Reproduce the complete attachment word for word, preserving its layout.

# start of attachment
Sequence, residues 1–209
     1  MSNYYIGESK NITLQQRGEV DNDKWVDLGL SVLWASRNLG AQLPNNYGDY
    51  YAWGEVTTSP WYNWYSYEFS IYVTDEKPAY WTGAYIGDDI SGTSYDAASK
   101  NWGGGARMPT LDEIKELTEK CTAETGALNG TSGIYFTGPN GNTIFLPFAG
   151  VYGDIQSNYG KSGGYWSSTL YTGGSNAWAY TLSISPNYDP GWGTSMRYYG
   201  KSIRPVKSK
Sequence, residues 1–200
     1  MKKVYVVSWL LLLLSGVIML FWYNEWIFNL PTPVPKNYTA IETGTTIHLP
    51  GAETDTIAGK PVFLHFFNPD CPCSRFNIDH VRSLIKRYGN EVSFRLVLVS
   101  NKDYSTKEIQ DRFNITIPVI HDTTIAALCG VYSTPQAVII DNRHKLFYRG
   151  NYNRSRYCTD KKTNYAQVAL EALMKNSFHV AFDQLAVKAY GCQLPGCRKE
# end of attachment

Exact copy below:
Sequence, residues 1–209
     1  MSNYYIGESK NITLQQRGEV DNDKWVDLGL SVLWASRNLG AQLPNNYGDY
    51  YAWGEVTTSP WYNWYSYEFS IYVTDEKPAY WTGAYIGDDI SGTSYDAASK
   101  NWGGGARMPT LDEIKELTEK CTAETGALNG TSGIYFTGPN GNTIFLPFAG
   151  VYGDIQSNYG KSGGYWSSTL YTGGSNAWAY TLSISPNYDP GWGTSMRYYG
   201  KSIRPVKSK
Sequence, residues 1–200
     1  MKKVYVVSWL LLLLSGVIML FWYNEWIFNL PTPVPKNYTA IETGTTIHLP
    51  GAETDTIAGK PVFLHFFNPD CPCSRFNIDH VRSLIKRYGN EVSFRLVLVS
   101  NKDYSTKEIQ DRFNITIPVI HDTTIAALCG VYSTPQAVII DNRHKLFYRG
   151  NYNRSRYCTD KKTNYAQVAL EALMKNSFHV AFDQLAVKAY GCQLPGCRKE